Little Mosque On The Prairie
Mercy's local public access TV station asks Amaar to host an Islamic-themed program [Islamic Horizons]. But when he brings Rayyan on as a guest, she steals the show. Meanwhile, Layla faces the wrath of her father after a hair dye job goes wrong. (CBC)
One promising episode at the beginning of the second season, and it's back to lying for the Little Mosque. In our 500 channel universe there is not, to my knowledge, a religious television program for Muslims of both sexes where a woman is allowed to pontificate on the meaning of Islamic scriptures and the obligations of a believer.
There are religious programs where modestly dress women ask an imam questions about the meaning of the Koran and the actions and sayings of the Prophet, but that is more or less the extent of female participation in televised religious education where Islam is concerned.
2:228 .... women have rights equal to what is incumbent upon them according to what is just, although men are one degree above them. Allah is Mighty, Wise
As an inferior by at least a degree, a female is not permitted to preach or lead the faithful in prayer in a mosque or any other venue when a male believer is available. Therefore, that the female character Rayyan is allowed to preach on television should be taken with a large grain of salt, road salt perhaps.
The imam has burnt his tongue drinking hot coffee and has difficulty speaking. Under these exceptional circumstances a female believer could probably have pinched hit for the imam if a male believer could not quickly be found and there is no male believer in the audience. This is not the case here. Standing next to the cameraman is Rayyan's father, Yasir Hamoudi.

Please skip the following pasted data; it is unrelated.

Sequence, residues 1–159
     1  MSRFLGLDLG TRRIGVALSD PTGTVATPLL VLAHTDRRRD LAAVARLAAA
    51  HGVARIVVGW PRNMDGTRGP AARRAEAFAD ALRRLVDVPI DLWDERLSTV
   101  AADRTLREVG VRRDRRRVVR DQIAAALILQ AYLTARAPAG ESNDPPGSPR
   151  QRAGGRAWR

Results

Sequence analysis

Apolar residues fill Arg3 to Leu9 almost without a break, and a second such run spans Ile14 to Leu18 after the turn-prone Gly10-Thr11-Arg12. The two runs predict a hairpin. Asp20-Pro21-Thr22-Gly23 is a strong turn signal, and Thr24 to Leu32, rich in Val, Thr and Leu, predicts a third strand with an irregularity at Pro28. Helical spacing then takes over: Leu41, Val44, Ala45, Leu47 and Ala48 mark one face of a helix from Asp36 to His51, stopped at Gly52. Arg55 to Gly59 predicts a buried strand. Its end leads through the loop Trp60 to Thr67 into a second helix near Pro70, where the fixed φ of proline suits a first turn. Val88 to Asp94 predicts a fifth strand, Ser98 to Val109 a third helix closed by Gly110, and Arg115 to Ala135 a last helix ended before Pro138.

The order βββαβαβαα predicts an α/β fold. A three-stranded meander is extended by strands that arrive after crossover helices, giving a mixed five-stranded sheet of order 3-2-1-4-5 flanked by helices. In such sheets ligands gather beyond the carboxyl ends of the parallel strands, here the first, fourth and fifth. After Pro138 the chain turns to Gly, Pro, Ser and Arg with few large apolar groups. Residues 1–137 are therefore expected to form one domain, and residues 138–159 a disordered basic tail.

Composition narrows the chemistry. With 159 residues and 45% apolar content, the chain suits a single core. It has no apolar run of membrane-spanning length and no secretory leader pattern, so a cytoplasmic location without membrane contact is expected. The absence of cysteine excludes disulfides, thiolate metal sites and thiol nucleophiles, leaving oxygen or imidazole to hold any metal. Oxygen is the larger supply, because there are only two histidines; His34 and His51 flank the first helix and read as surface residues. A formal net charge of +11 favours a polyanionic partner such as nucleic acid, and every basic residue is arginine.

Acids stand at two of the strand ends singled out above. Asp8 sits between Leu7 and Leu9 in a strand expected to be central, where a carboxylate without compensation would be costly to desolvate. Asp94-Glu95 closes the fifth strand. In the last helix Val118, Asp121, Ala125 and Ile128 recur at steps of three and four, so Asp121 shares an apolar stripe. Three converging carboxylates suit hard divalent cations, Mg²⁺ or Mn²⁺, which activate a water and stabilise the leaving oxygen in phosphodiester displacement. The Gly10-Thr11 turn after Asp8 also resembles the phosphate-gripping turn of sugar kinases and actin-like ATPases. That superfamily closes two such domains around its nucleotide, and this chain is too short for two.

The discussion on Islamic Horizons ends with a few words about the pilgrimage to Mecca. The pilgrimage is no longer a requirement for husbandless females or females who can not find a close male relative to accompany them on the pilgrimage. This is for their own protection.
It is next to impossible to segregate the sexes during the Hajj, therefore, women and girls must silently submit, less they be accused of arousing the males next to them, to the probing hands of men and boys whose religion does not allow them to get as close to the opposite sex as during the Hajj until they are married, and who seek to understand with their hands what their religion has denied their eyes until their wedding night.
Bernard Payeur, October 13, 2007